Archbishop Jose Gomez agreed to sell the convent to Perry for $14.5 million (with $10 million in cash) and the Sisters were concerned they wouldn’t receive any money from the sale. Gomez and Perry had a deal, but the Sisters insisted the property was theirs to sell and quickly sold it to Hollister for $15.5 million (with $100,000 in cash) before Perry’s deal was complete. Hollister promptly moved into the home. Both Gomez and Perry then sued Hollister, and in July 2015 a judge invalidated Hollister’s purchase, though he ruled she could continue living there if she paid $25,000 in rent to the Sisters.
There was plenty of back and forth squabbling—including Sister Catherine Rose Holzman telling Billboard, “Katy Perry represents everything we don’t believe in”—but in March 2017 the Los Angeles Superior Court ruled in favor of the archdiocese as the party with the right to sell, firmly invalidating Hollister’s purchase. You might think this is where it ends, but in order to buy the property, Perry would need to get final approval from the Vatican, as all property deals over $7.5 million require. Six months later, the Hollywood Reporter shared that the Vatican would not give approval until Perry found a replacement for the property’s House of Prayer.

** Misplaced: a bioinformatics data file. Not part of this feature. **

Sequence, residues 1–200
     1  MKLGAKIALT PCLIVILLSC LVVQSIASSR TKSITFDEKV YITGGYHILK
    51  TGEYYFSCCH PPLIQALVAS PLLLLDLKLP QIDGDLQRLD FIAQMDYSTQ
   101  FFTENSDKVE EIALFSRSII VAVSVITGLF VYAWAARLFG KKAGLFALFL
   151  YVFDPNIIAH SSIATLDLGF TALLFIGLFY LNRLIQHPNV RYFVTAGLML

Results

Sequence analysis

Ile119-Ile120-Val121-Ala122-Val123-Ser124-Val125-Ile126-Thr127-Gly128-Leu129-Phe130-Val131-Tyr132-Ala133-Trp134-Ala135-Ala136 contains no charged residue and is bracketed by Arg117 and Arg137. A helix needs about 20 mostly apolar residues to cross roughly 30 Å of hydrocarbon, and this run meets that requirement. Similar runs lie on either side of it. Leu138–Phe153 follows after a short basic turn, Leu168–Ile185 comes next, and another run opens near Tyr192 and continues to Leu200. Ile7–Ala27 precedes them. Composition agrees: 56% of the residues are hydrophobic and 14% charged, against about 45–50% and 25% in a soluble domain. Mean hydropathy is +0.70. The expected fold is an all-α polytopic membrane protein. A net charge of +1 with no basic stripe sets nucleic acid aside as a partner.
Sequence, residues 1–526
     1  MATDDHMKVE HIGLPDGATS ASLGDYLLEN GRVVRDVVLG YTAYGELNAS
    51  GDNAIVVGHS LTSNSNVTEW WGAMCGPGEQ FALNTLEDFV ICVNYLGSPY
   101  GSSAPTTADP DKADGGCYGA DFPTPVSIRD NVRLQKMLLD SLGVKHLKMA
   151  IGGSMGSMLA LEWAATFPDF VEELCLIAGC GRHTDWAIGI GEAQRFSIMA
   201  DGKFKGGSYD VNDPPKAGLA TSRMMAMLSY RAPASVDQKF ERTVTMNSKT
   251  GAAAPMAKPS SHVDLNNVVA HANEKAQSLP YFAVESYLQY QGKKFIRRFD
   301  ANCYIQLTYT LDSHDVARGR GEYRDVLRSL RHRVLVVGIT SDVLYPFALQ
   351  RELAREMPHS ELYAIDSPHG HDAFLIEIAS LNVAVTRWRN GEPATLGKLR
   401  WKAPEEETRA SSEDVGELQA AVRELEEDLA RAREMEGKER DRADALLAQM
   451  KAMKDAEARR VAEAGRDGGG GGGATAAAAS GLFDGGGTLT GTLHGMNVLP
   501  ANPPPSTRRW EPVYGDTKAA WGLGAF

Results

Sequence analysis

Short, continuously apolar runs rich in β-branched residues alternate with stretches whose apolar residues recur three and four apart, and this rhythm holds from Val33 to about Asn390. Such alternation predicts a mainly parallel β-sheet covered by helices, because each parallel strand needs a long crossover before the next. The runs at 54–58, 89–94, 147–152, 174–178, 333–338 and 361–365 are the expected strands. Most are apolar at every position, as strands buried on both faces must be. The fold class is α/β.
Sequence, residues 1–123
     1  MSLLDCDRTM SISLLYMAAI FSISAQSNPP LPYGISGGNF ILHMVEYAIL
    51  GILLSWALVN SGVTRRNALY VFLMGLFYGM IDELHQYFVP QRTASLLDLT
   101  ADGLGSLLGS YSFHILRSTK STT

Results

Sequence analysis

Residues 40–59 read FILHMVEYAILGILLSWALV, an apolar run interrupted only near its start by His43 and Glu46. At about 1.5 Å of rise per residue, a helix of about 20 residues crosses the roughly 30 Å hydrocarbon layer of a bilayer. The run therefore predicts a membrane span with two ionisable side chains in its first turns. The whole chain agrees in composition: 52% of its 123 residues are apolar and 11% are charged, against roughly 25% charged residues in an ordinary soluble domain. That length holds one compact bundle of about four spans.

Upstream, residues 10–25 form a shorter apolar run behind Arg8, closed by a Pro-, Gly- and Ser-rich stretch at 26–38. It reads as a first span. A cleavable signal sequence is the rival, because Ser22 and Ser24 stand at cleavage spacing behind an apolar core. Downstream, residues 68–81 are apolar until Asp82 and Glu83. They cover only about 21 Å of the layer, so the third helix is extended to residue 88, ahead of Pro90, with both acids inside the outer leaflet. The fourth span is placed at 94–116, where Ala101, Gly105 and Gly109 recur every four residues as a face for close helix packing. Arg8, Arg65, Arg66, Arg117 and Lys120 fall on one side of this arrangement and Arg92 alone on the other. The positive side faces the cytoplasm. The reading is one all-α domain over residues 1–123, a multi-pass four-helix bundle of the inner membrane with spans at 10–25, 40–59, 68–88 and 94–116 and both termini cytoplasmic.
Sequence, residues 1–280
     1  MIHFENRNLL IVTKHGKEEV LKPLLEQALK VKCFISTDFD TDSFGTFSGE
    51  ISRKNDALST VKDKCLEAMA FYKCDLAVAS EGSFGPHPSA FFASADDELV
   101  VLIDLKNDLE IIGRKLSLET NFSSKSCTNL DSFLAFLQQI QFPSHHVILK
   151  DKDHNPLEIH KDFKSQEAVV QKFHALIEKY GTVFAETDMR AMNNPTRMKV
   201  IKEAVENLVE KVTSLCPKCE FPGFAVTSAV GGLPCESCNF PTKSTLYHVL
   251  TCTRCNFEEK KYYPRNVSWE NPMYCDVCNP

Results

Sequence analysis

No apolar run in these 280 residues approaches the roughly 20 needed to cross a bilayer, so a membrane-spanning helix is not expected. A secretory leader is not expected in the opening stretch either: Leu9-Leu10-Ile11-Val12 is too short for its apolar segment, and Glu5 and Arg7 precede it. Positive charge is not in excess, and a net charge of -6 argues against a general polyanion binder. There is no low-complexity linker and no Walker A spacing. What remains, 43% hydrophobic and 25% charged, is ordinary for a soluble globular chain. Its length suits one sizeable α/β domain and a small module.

In November 2017, Hollister was ordered to pay the archdiocese’s attorney fees of $3.47 million and $1.57 million to Perry’s company. A second phase of the trial was set to find if Hollister owed either party more in punitive damages. Hollister declared bankruptcy. In March 2018, two of the nuns, including the aforementioned Holzman, accompanied Hollister to bankruptcy court. In a final (tragic) twist, Holzman collapsed and died during the court proceeding.